Okay, before you start sharpening your knives over that headline, be sure to actually read the article first. You’ll see that this is more of a thought experiment in honor of LV-426, a.k.a. “ALIEN Day,” than a slasher-skewed review of a film which I’m betting you already love every bit as much as I do. Just be cool.
Just consider for a moment the tropes of the “Golden Era” slasher film — which, by the time of ALIEN’s release (May 25, 1979), had been established by John Carpenter with HALLOWEEN the previous year. Prior to that, some of those conventions were already set in motion thanks to proto-slashers like Bob Clark’s BLACK CHRISTMAS, but HALLOWEEN laid out the genre hallmarks we’ve now come to expect.
Also, during ALIEN’s pre-production process, director Ridley Scott screened Tobe Hooper’s THE TEXAS CHAIN SAW MASSACRE for cast and crew; and while TCM is also not strictly considered a slasher film, it also helped establish some of the key ingredients in the slasher recipe.
So indulge me for a few minutes while I view ALIEN through a slasher-shaped lens…
Image Credit: 20th Century Fox
First, many traditional slasher films confine their story to an isolated location — for example, a remote campground during a thunderstorm (FRIDAY THE 13TH), a locked-down high school (PROM NIGHT), a passenger train through the mountains (TERROR TRAIN), or a seriously under-staffed hospital (HALLOWEEN II). ALIEN ups the ante by trapping its characters on the interstellar tug Nostromo, light years from human-occupied space, where there is quite literally no escape from the monstrous menace on board.
Second, the identity and appearance of a slasher villain is largely concealed from the audience for most of the film — often through the use of a mask or other disguise, but also by representing only their point-of-view when they stalk their prey, or simply by keeping them hidden in shadows, dark corridors or crawlspaces.
This not only serves “whodunit” plot elements (borrowed mainly from the Italian giallo genre), but also increases opportunity for suspense and sudden shocks when the killer emerges into the light. Scott employs this technique expertly in ALIEN, keeping the title creature off-camera for all but a few minutes of screen time. He even falls back on the old cliché of the “spring-loaded cat” scare scene, courtesy of Jones, the ship’s mascot.
Another notable slasher convention employed by ALIEN is the “body count” structure, in which it appears that any character can die at any time; in the case of most low-budget independent films, this is easily established due to the lack of “name” actors in the cast, as the presence of a familiar star would likely peg them as the survivor who will defeat the killer.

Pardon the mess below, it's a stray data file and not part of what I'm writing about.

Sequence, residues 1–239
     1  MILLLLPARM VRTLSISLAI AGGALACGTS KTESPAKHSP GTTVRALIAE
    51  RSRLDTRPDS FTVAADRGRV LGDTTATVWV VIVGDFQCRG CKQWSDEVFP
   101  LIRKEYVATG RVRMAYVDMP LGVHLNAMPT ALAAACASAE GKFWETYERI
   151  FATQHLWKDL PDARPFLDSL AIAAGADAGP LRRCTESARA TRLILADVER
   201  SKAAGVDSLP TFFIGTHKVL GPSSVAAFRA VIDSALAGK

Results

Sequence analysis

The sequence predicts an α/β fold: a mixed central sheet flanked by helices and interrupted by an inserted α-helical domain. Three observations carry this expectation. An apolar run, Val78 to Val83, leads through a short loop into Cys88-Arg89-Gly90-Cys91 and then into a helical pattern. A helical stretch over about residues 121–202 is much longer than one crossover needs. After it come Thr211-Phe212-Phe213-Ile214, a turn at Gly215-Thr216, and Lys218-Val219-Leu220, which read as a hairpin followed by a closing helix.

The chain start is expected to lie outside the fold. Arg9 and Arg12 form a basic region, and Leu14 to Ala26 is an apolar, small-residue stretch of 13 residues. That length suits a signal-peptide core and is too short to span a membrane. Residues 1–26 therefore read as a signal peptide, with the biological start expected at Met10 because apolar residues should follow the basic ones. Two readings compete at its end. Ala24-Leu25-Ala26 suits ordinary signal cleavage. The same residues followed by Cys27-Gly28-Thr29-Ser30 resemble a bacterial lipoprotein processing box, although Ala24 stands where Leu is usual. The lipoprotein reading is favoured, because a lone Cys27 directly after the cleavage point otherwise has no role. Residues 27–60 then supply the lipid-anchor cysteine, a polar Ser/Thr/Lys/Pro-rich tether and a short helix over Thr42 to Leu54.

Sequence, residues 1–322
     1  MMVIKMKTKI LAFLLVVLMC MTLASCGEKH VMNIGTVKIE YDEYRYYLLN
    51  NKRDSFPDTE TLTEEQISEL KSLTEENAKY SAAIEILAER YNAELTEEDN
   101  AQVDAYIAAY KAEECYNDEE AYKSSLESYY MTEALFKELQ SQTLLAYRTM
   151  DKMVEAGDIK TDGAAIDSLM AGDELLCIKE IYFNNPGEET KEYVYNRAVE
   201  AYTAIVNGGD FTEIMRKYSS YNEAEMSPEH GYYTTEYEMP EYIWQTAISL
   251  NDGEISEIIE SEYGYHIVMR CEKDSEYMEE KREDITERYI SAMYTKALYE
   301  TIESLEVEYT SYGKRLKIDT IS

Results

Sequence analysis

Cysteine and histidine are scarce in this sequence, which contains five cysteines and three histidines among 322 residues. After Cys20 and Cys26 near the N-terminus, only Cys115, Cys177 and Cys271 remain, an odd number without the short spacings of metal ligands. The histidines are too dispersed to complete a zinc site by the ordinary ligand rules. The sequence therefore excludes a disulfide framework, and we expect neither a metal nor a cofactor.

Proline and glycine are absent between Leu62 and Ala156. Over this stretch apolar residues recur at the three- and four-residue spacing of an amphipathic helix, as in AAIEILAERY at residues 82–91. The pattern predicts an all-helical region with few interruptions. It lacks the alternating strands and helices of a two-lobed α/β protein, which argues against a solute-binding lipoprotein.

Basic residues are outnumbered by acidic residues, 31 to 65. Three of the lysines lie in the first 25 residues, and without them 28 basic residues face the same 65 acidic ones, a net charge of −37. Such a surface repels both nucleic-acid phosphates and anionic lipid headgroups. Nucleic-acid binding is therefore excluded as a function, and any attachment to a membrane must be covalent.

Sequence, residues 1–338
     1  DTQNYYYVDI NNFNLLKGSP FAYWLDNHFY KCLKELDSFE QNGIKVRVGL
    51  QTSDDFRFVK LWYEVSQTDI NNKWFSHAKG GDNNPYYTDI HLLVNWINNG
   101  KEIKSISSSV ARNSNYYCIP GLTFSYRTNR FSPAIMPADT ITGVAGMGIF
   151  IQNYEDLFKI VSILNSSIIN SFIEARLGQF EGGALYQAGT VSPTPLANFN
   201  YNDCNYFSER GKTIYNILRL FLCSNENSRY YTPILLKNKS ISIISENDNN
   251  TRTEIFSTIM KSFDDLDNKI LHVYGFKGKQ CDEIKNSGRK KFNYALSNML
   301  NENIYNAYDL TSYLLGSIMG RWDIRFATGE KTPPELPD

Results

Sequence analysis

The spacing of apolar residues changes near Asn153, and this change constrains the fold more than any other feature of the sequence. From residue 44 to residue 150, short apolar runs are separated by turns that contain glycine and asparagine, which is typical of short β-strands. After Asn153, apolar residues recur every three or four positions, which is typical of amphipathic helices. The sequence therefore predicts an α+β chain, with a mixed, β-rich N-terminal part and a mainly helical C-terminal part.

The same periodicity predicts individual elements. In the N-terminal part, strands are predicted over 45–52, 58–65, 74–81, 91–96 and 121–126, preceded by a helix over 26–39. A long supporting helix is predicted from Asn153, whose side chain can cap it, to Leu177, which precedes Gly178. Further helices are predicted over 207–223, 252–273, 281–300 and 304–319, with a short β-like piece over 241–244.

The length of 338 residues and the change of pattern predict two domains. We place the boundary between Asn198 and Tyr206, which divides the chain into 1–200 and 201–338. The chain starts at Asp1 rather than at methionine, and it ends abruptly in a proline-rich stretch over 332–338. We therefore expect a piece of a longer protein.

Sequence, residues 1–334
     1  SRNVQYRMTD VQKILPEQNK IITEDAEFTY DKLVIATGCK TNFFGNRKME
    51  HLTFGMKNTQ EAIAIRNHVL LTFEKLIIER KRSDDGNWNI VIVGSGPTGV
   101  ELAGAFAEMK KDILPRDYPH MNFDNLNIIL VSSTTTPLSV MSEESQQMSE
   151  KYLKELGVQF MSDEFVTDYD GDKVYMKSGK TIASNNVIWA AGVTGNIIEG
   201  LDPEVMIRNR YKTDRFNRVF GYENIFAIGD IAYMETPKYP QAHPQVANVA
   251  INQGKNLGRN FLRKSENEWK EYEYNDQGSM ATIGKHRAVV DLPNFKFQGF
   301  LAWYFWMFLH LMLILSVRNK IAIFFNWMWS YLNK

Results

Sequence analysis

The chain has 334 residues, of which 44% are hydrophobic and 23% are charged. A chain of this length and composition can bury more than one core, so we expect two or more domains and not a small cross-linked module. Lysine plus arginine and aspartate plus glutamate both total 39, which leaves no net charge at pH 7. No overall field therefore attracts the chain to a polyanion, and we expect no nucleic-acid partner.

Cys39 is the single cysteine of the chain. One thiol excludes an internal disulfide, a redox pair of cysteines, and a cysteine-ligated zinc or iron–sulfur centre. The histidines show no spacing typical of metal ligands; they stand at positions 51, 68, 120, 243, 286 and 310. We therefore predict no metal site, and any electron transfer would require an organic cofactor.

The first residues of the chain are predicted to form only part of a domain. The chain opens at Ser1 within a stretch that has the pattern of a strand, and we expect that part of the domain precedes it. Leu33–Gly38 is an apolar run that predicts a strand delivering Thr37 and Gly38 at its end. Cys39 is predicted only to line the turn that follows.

Being a high-dollar studio production, ALIEN does employ some faces familiar to ‘70s audiences, but this familiarity doesn’t assure their survival in any way. In fact, Sigourney Weaver, the film’s least experienced actor (her only previous film role was a bit part in Woody Allen’s ANNIE HALL), is the last human alive by the film’s final frame.
Which leads me to the most significant slasher element in ALIEN: the concept of the “Final Girl” — the sole survivor who must confront the villain face-to-face in the film’s climax — is not only fulfilled by Ripley, but taken to the next level by giving her superb outer-space survival training and a strong dedication to her duties as an officer (often to the irritation of her shipmates).
It’s worth noting that in most drafts of the script, the characters’ genders were never specified, but casting Ripley as a woman has a distinct effect on the dynamics of the final chase and confrontation; just try to imagine one of the male characters hiding from the alien in barely-there underwear. Doesn’t really work, does it?
Also, as with most classic slashers, the supposed vulnerability of the female protagonist (Ripley’s training is essential to her survival, but she still panics and screams a lot) is debunked by showing courage and resourcefulness in the face of a seemingly unstoppable killer.
Ripley achieves this heroism by several orders of magnitude, not only by nuking the Nostromo, but by ultimately killing the alien with a distinctly phallic-looking instrument — much like HALLOWEEN’s Laurie Strode downing Michael Myers (temporarily) with his own knife, or FRIDAY THE 13TH’s Alice using Mrs. Voorhees’s dropped machete to behead her.
In conclusion, while I personally don’t consider ALIEN to be a slasher film per se — hence the question mark at the end of the headline — it definitely shares many of the elements which would soon become familiar to (and even expected by) fans of the slasher genre, and also reaffirms how the slasher film, itself, employs some of horror cinema’s most time-honored traditions, from the “Old Dark House” scenario to the classic whodunit or chase structures… just like ALIEN does.
Really, what I’m saying is: don’t get your panties in a bunch over whether ALIEN belongs in the same category with a cheesy flick like SORORITY HOUSE MASSACRE; instead, just give it another watch and pretend it’s a slick, studio-produced slasher film set in outer space. You might be surprised how closely it fits the mold.